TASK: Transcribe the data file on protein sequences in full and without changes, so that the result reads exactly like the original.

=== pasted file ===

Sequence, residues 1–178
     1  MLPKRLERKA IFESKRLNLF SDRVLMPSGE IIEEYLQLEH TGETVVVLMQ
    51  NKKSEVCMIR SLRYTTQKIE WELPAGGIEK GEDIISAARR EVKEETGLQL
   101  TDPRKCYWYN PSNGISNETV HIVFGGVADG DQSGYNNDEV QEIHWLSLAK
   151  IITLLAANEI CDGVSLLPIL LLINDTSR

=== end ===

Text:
Sequence, residues 1–178
     1  MLPKRLERKA IFESKRLNLF SDRVLMPSGE IIEEYLQLEH TGETVVVLMQ
    51  NKKSEVCMIR SLRYTTQKIE WELPAGGIEK GEDIISAARR EVKEETGLQL
   101  TDPRKCYWYN PSNGISNETV HIVFGGVADG DQSGYNNDEV QEIHWLSLAK
   151  IITLLAANEI CDGVSLLPIL LLINDTSR